Photo credit: Zichuan Han from Pexels

by Arline L. Bronzaft, Ph.D., Board of Directors, GrowNYC, and Co-founder, The Quiet Coalition

I attended the virtual town hall meeting on August 18th that the New York City’s Mayor’s Office of Climate and Sustainability held in conjunction with the city’s Environmental Justice Advisory Board to address environmental issues within the context of social justice. New York City had been mandated by law to create the board to assure that the city would include environmental justice in its planning decisions. There were several presentations at this town hall meeting.

The Advisory Board had identified sixteen environmental issues such as green spaces, waste management, and air quality to focus on, and some of the issues were discussed by the participants at this August 18th meeting. After the presentations, participants were then asked to comment on how the city was addressing these environmental issues in their communities. With noise as one of the sixteen issues of concern, it was surprising that it had not been mentioned by the presenters. This omission was pointed out on the chat page by members of the Advisory Board who attended the meeting.

Tanya Bonner, who chairs WaHi-Inwood Task Force spoke of her community’s “uphill battle trying to increase awareness that excessive noise pollution is a public health issue.” And Cheryl Miller asked if the board could “please discuss noise pollution – loud illegal dirt bikes, ATV’s, loud music parties on the street every night.” There were then a few, brief words about noise from one of the presenters.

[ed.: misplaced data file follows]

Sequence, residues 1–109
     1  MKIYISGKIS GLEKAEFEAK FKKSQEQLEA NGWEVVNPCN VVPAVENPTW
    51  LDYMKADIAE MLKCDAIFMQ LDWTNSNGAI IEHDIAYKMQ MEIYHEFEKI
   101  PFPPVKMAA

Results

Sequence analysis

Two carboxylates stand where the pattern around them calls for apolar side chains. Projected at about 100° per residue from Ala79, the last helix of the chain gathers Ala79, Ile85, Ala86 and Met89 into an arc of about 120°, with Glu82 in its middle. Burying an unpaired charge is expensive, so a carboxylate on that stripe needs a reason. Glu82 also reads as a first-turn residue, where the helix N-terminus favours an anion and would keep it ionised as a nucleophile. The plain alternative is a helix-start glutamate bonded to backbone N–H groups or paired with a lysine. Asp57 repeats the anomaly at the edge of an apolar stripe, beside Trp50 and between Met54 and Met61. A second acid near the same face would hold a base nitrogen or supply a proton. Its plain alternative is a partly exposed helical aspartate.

City residents should be pleased that environmental issues are being viewed from a social justice perspective and the Advisory Board has asked for comments to their draft report which can be seen online. The Advisory Board wants their report to reflect the concerns and experiences of New York City residents. Residents, I believe, will be looking forward to the final report which should, hopefully, contain recommendations that will result in greater access to healthy food, better air quality, greater access to green spaces, less garbage, and a reduction in noise pollution.